In the instant aftermath of the Newtown shooting last Friday, reporters worked to confirm details, investigators looked to investigate leads, misinformation was spread, and conspiracy theories were hatched, but what was happening on Wikipedia?
What if the world were defined by its history? And what if that history was defined by Wikipedia? That's what this word-association map of each country on Earth illustrates.
The non-profite site began its annual Wikimedia Foundation campaign with a simple, bright message today — a banner that Wikipedia told The Atlantic Wire would remain... for now.
Today in books and publishing: Apple and publishers settle in Europe; Marco Roth irritates Dwight Garner; movie moguls announce e-books venture; Wikipedia e-books.
Illustrator Santiago Ortiz has created an interactive looking at the proportion of edits on individual Wikipedia articles made by men vs. women, and it turns out that the gender divide on "the free encyclopedia that anyone can edit" is even starker than we thought.
On Tuesday when Stephen Colbert exhorted his Colbert Nation to edit the Wikipedia pages of Romney's potential vice presidential choices, Wikipedia locked those pages to all but veteran editors, making the trick of counting the edits to see who's the favorite a lot more accurate.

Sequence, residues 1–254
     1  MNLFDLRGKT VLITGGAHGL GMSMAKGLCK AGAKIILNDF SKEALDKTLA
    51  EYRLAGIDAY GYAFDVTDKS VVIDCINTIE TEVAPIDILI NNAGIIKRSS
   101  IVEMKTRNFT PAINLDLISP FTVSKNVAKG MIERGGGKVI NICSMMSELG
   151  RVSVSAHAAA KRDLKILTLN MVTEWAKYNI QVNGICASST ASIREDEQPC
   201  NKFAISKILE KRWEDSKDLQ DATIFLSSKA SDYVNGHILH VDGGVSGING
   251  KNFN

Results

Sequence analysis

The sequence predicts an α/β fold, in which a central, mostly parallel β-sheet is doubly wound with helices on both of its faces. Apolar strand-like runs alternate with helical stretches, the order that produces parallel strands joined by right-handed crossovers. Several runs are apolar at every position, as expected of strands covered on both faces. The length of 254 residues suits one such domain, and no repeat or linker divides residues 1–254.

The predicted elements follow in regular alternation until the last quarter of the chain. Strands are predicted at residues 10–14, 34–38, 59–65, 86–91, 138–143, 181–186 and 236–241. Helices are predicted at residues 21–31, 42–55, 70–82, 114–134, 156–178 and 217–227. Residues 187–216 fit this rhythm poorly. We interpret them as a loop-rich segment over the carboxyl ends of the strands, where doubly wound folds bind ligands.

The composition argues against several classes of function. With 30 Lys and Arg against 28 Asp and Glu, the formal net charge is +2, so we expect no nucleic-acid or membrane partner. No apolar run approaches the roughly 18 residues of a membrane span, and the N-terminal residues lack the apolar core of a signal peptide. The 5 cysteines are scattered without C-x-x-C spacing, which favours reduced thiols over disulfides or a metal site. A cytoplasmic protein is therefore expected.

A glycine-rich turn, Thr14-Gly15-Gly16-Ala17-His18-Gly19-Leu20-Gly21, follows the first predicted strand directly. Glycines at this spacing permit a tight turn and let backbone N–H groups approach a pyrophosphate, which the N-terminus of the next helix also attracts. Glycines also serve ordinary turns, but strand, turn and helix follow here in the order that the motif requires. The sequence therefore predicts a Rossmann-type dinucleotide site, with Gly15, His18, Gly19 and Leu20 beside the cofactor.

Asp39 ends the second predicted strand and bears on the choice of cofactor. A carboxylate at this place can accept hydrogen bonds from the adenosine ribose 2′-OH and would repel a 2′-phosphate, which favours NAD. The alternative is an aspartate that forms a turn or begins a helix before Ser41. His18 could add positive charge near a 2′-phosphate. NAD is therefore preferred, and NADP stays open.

Wikipedia data shows that one of the first questions people had upon learning of Friday's shooting in Aurora, Colorado, was: what's that state's death penalty policy?
Wikipedia found success with its 24-hour blackout in January to protest U.S. anti-piracy legislation, so it's trying the same technique in Russia where a bill promoted as a curb on child pornography threatens to create an Internet blacklist.
As much as we'd love to trust the Internet's favorite crowdsourced store of knowledge, it's time to face the truth: It's a flawed system.
The print edition of the Encyclopedia Britannica is no more, a fact that's already sending bibliophiles to mourn the death of print (even more) and digital types to cheer on Wikipedia (even more). As the Chicago Tribune put it, this is "a cultural benchmark and, certainly, a moment in history." True, but it's not a sad one.
If Twitter had shut down yesterday too, it'd be impossible to tell what kind of impact Wikipedia's anti-SOPA protest would have had on the tweeting masses.
It's been speculated, and now it's confirmed: Wikipedia plans to give its users a (severe) taste of the Internet under SOPA by going offline in protest of the bill on Wednesday.
And now they're being replaced by just as silly "thank you" banners for the more than one million donors (along with non-donating bystanders) who got them to the $20 million benchmark.
Each year Jimmy Wales stares us into donating to Wikipedia; this year it's even easier than ever to make fun of the Wikipedia founder.
Too many volunteer editors grow up and get married, says founder Jimmy Wales
Palin fans attempt to undermine encyclopedia entries (again). Editors upset (again)
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